Lower Dose, Same Results: Calcium Breakthrough In India-Tanzania Study

Pregnant women in Tanzania and other low- and middle-income countries could benefit from a simpler and cheaper way to protect themselves and their babies from potentially fatal complications, after a new study conducted in India and Tanzania suggested that a single calcium pill taken daily is just as effective as three pills per day in averting complications: preeclampsia and preterm birth.

Preeclampsia is a condition characterized by high blood pressure and protein in the urine during pregnancy, which can be dangerous for both mother and baby. Preterm birth, as the name suggests, is the delivery of a baby before 37 weeks of gestation. Both complications can have devastating consequences, including increasing the risk of maternal death, infant mortality, and long-term health problems for both mother and child.

Currently, the World Health Organization (WHO) recommends that pregnant women with low dietary calcium intake, which is common in many low- and middle-income countries, take 1500 to 2000 milligrams of calcium daily in three divided doses. However, this regimen can be challenging for women to adhere to due to the bulkiness of the pills and the logistical challenges of taking them consistently.

Our findings show that a single pill per day can be as effective as three

Christopher Sudfeld, an associate professor at Harvard Chan, author of a study

The findings were disseminated today 19th January 2024 during the 5th ARISE Network Annual Scientific Symposium held in Dar es Salaam, Tanzania today, themed: Bridging the gap: Turning adolescent health and nutrition research into tangible practice and policy in sub-Saharan Africa“.

“With a reduced pill burden for women and lower costs for governments and programs that buy calcium pills, calcium supplementation should be considered widely implementable in the places it’s needed most—and should start saving thousands of maternal and newborn lives,” says Sudfeld.

The results of the study were disseminated to the policymakers, including the Minister of Health Ummy Mwalimu, other two members of Parliament, and stakeholders from CDC Tanzania, the United States Embassy in Tanzania and several other health organizations.

The new study, published January 11, 2024 in The New England Journal of Medicine enrolled over 22,000 pregnant women across India and Tanzania. Half received the standard three-pill regimen, while the other half received a single 500mg pill. The researchers monitored their health throughout their pregnancies and tracked the incidence of preeclampsia and preterm birth.

The results were striking, researchers say. In both India and Tanzania, the single-pill group showed no significant difference in preeclampsia rates compared to the three-pill group. While the findings on preterm birth were mixed between the two countries, the overall pooled data showed no significant difference either.

However, the researchers caution that further research is needed to confirm these findings in different populations and to explore the long-term effects of different calcium supplementation levels on both mother and baby.

Despite these limitations, the study offers significant hope for a simpler and more accessible approach to preventing pregnancy complications in resource-limited settings. With further research and policy changes, a single calcium pill could become a powerful tool in improving maternal and infant health outcomes around the world.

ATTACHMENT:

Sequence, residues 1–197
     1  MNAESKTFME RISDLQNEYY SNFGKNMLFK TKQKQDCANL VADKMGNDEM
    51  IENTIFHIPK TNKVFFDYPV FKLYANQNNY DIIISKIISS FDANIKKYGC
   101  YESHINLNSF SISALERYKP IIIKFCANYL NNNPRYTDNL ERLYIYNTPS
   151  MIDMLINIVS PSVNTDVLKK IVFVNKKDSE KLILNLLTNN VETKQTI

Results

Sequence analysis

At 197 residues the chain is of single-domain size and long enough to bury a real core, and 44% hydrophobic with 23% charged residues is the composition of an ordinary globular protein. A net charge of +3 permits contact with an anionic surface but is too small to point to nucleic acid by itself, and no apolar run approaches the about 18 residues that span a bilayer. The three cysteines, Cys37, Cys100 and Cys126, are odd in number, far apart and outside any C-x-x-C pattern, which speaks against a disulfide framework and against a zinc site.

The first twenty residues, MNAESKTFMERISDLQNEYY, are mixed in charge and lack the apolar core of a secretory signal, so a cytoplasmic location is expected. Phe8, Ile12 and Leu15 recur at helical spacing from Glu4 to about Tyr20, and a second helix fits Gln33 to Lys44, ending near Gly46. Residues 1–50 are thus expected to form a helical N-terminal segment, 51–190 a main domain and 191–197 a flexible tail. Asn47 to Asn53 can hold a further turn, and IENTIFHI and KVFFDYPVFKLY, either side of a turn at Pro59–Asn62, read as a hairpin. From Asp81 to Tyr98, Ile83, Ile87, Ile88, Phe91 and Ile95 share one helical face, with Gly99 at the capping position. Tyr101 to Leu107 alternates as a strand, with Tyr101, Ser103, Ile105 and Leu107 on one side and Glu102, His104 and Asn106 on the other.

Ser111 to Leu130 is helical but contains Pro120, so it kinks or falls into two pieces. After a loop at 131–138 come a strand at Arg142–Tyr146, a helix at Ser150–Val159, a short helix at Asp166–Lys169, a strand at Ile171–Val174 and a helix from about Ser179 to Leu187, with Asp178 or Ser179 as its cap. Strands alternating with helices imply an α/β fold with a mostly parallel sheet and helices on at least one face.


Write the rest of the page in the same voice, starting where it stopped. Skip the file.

Funded by the Bill and Melinda Gates Foundation, the study was led by Harvard T.H. Chan School of Public Health and collaborators in India and Tanzania. The collaborators in India were St. Johns Institute. Here in Tanzania, the institutions that collaborated in the study are Muhimbili University of Health and Allied Sciences (MUHAS), Ifakara Health Institute (IHI) and Africa Academy for Public Health (AAPH).

Ummy Mwalimu, the Minister of Health in Tanzania delivering a speech during the 5th ARISE Network Annual Scientific Symposium held today in Dar es Salaam.

“The uptake of calcium has really been limited across many settings, generally because of the bulkiness of the pills, but also it costs the health system, because it’s a lot of pills to be provided, yet the expense issues and logistics can be challenging,” said the Chief Executive Officer of the Africa Academy for Public Health(AAPH) Mary Mwanyika during the symposium, explaining that this was a four year study but because of the disruptions of the COVID-19 pandemic, it was conducted for five years.

Professor Andrea Pembe, a renowned Gynecologist and former Vice Chancellor of MUHAS, led the study in Tanzania.  Speaking during the 5th ARISE Network Annual Scientific Symposium, he said held today in Dar es Salaam, he recommended, “There is need to revisit our recommendations about high dose calcium supplementation, to enable Tanzania and other developing countries to implement calcium supplementation during pregnancy to prevent pre-eclampsia and pre-term birth.”

“These are our recommendations, and we expect other institutions such as the WHO, Ministry of Health to take them forward,” said Prof Pembe as he presented the recommendations of the clinical trials.

Syriacus Buguzi
Syriacus Buguzi
Syriacus Buguzi is a Science Journalist. His reporting focusses on research, medical science, environment and technology.


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